New from Leo Brady on The Phantom of the Open

June 6th, 2022




The term “crowd-pleaser” tends to be a negative thing to say about a movie. Typically it fits into the range of awards season stuff such as Belfast or something that the 40-80 age group can choose for their night out. It’s an alternative for Marvel stuff, sure, but sometimes it’s a bit too cute, and although The Phantom of the Open checks every box for being a “crowd pleaser”, it still won me over with a wild story of a man that faked his way into being a pro golfer. It helps to have two excellent leads in Mark Rylance and Sally Hawkins, two actors that are genuine salt and pepper shakers of great performers. The Phantom of the Open won’t break the mold of a crowd pleaser but it is delightfully par for the course.

We first meet Maurice Flitcroft (Rylance) working in the shipyards, sitting in his post with his fellow co-workers, enjoying a sandwich and a beer on his break. That’s the majority of what you do in the small England coastal town of Barrow-in-Furness, where Maurice had three sons, and his wife Jean (Hawkins) to keep him busy, sparking his purpose in life. But as his three boys would become men, the promise of an empty nest can have the mind wander, and in 1976 Maurice had it in his head that he could play golf. That was in his imagination, but in reality he was terrible, never played a round in his life, and then up and decided to sign up for the prestigious British Open. Through shifty verbiage- stating he was a “professional” on his application- Maurice found himself in the tee box and proceeded to play the worst round of golf in the history of the sport.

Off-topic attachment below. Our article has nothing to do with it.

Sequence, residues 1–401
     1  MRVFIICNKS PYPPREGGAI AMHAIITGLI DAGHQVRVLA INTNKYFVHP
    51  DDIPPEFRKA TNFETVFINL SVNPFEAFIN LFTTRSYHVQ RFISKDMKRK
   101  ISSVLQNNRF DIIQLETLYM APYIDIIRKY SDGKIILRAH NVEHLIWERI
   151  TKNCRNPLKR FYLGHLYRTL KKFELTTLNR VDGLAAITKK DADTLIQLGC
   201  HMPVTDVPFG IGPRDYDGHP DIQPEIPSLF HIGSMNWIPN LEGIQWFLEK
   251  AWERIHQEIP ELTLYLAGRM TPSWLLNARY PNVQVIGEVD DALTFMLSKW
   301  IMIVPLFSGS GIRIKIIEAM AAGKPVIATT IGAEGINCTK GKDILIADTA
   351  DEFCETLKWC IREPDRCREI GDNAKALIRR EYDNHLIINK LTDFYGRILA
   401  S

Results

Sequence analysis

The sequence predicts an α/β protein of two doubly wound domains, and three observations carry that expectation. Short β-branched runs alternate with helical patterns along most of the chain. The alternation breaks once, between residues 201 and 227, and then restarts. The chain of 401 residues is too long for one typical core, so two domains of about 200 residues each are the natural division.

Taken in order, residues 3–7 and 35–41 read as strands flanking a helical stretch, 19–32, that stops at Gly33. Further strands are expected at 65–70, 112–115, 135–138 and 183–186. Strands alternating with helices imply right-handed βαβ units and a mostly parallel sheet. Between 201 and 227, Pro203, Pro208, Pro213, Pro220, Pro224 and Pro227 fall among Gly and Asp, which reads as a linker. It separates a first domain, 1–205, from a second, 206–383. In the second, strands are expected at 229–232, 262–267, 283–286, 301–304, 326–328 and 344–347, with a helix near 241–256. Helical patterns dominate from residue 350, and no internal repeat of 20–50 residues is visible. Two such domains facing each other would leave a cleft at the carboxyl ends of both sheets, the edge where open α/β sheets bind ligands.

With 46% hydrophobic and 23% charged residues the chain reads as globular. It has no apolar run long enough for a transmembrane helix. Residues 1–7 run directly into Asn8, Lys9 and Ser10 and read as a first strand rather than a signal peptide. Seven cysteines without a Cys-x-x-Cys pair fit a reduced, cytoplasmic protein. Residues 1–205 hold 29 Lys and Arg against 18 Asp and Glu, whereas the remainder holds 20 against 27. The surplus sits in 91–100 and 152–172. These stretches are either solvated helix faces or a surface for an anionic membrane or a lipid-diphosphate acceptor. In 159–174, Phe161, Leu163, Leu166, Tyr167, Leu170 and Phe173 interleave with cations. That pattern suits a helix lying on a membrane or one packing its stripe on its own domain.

The direction from Craig Roberts is straight forward, reminiscent of other recent oddball sports movies such as Dream Horse or 12 Mighty Orphans, where the odds of success are slim. The screenplay from Simon Farnaby- adapted from Scott Murray’s book of the same title- is balancing the screwball nature of the story, which I believe needed to be even screwier. What Flitcroft was able to get away with is quite astounding, placing himself amongst the greatest in the sport of golf without any experience is relatively impossible today, and it’s displayed in montages of one awful shot after the next. What we don’t see enough of is his relationships with others around him. She’s not entirely missing, but I was hoping for much more with Hawkins’ character, as her character is sidelined to be the wife at home worrying about her husband. When it comes to the career of Sally Hawkins, her resume and talents have already proved that she’s more than just a placeholder in any film.

The fun stuff is the golfing and a second act where Flitcroft’s initial play at the British Open has sent up flags to higher ups. This includes the film’s lone villain in the tour director Keith Mackenzie (played by a grumbling Rhys Ifans), who becomes set on capturing Flitcroft before he can enter a tournament. That leads to the hilarious sequence of moments where Flitcroft uses disguises and made up names to sneak back in, only for him to continue to play as awful as I would. The golf being played is bad and it does become an enjoyable mess of a sport that takes amazing talent and skill.

When the final verdict lands it’s already a mixed bag of golf balls, where the actors involved are sturdy, a few laughs, a few moments of emotion, and not enough to praise. The Phantom of the Open ultimately lines up with the main character, a man who mysteriously found himself on the biggest stage ever, only to fail upwards into notoriety. It’s a sweet and fun story. A real crowd-pleaser. The end result is not a hole in one but that’s not what director Craig Roberts was going for. He’s just happy Maurice Flitcroft’s story has now been told.



Written by: Leo Brady

The post The Phantom of the Open appeared first on A Movie Guy.

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